It's been 11 days since the Halifax Water Commission shut off Fred Lordly's water and the battle between the senior citizen and the utility shows no sign of stopping.

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Fred Lordly has been waging a fight with Halifax Water for the last two years. (CBC)

With no water, Lordly said he can't shave.

"When the beard's gone, the water's on," he said. "It's getting tough. It really is."

The 82-year-old said when he built his house on Emscote Drive in 1968, the city approved his storm and sewage pipes. Now he’s been told they are illegal and not hooked up properly.   He was told to fix them to stop sewage from running into the Northwest Arm.

"That's the only reason I'm fighting this. I don't think it’s my fault at all not one bit," he said.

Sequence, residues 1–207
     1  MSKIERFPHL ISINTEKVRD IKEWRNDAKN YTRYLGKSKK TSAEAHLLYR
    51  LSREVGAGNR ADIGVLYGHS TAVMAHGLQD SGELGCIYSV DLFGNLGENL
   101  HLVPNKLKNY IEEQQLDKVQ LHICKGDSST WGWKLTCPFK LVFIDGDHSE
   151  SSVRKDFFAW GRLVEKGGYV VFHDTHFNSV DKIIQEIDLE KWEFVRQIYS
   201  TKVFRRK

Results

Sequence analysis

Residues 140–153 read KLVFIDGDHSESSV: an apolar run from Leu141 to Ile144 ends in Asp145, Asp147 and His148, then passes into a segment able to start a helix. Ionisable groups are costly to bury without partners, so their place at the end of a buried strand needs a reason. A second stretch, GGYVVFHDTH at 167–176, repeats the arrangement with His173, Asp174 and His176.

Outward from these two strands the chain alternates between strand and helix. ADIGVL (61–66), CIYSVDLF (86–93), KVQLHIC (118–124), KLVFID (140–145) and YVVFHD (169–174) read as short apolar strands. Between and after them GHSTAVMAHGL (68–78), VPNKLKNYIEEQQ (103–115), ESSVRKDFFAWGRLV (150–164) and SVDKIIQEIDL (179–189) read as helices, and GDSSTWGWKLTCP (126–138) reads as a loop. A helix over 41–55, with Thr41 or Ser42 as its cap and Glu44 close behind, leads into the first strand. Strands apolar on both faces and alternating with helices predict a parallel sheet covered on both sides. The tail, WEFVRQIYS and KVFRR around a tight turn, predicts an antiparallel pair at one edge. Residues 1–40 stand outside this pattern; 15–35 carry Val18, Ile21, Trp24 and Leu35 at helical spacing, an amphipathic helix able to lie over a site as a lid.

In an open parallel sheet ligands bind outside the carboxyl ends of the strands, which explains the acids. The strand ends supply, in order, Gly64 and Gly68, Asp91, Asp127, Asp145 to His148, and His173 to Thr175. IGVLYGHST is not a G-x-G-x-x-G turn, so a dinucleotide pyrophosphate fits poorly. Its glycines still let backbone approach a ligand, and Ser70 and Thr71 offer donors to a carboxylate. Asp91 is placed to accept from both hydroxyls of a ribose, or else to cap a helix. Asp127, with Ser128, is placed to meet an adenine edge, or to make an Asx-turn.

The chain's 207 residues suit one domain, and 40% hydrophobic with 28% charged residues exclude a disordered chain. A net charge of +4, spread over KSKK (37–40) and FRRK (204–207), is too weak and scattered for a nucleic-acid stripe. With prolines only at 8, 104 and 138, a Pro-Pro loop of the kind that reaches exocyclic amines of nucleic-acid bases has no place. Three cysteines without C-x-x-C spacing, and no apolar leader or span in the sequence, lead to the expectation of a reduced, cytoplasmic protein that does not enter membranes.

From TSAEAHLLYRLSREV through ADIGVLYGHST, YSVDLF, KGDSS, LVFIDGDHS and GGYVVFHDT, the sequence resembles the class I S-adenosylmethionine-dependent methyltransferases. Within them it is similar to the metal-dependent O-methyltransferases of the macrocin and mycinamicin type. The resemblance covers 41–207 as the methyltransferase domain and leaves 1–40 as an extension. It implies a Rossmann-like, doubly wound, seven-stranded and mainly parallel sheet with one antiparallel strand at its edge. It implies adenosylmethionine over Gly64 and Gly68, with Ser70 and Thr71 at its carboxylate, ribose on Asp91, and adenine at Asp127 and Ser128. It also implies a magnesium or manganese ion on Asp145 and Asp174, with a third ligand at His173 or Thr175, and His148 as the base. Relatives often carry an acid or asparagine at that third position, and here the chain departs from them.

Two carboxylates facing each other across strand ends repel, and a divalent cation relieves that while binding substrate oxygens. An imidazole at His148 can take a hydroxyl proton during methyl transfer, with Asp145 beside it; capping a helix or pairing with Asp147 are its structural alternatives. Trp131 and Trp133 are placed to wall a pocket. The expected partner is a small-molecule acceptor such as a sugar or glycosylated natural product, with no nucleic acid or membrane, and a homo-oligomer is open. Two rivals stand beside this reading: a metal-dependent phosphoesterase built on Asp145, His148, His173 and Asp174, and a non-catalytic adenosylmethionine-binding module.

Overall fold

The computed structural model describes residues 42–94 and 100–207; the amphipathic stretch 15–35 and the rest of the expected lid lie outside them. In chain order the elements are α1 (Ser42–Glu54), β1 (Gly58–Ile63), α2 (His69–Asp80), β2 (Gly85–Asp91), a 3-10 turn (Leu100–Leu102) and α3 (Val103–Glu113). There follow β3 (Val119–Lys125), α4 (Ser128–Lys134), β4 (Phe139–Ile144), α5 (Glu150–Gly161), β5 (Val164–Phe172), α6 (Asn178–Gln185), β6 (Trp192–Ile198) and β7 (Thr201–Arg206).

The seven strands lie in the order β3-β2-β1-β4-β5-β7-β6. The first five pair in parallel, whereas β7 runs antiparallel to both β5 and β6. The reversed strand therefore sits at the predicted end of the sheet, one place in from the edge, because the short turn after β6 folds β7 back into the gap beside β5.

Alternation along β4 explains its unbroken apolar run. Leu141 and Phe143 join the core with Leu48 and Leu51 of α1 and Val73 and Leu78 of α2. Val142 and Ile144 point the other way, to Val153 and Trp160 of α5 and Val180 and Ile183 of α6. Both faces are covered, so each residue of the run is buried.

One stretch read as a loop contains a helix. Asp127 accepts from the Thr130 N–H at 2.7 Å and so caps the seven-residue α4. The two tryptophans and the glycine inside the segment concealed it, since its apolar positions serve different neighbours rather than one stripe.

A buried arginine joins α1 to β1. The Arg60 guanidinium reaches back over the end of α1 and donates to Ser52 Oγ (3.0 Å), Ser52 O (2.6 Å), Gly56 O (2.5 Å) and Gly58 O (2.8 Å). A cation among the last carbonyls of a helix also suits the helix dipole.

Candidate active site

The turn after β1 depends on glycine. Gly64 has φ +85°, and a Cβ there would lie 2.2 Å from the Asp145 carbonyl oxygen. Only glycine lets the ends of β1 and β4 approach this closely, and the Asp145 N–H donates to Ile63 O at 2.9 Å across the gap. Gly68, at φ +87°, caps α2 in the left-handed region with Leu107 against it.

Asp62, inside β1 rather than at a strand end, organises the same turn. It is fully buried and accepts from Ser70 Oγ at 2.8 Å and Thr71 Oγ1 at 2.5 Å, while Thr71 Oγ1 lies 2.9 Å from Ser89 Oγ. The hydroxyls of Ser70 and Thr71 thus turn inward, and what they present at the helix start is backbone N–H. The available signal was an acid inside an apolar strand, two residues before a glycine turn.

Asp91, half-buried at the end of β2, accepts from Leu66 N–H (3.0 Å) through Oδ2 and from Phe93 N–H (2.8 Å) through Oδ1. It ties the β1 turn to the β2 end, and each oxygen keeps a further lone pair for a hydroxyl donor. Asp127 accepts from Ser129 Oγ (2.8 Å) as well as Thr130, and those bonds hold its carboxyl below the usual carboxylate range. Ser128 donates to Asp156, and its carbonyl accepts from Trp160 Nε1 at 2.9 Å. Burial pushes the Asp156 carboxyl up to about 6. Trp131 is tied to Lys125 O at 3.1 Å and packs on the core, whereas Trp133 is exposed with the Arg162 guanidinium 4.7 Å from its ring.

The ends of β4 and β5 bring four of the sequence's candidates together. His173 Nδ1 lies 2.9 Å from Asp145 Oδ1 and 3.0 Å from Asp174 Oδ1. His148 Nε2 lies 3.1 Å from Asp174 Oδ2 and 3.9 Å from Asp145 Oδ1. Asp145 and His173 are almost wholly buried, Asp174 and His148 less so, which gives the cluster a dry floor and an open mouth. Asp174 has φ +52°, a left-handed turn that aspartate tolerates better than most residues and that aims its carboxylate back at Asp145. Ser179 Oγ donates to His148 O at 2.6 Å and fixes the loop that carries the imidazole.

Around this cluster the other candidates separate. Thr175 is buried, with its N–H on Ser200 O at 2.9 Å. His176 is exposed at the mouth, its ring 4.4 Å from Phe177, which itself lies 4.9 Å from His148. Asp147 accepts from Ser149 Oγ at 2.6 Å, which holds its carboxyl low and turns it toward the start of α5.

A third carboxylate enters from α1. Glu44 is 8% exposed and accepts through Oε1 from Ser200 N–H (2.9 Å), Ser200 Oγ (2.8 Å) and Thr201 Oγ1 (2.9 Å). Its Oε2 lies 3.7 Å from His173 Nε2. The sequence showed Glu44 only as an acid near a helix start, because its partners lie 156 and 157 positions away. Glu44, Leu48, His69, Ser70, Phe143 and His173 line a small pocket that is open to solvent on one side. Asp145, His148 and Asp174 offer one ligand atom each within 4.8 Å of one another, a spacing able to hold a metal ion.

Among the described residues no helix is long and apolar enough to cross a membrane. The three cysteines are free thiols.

Lordly said he’s encouraged by support from people who have been dropping off drinking water. He also has buckets ready to collect rain for laundry and dishes.

Lordly said he's been in contact with his councillor, Waye Mason.

In an email to Lordly's daughter, Mason explained the Halifax municipality and the water commission are two separate entities. He also said because of the UARB ruling it's Lordly’s responsibility to fix the problem.

Lordly says he's going to stick to his guns.

"It makes me tired. I go to bed fairly early and then I wake up around three o’clock and that's pretty well it. I think of all these things that have happened. It's hard to believe," he said.

Halifax Water said it takes no pleasure from disconnecting any customer, but it's obliged to apply regulations evenly.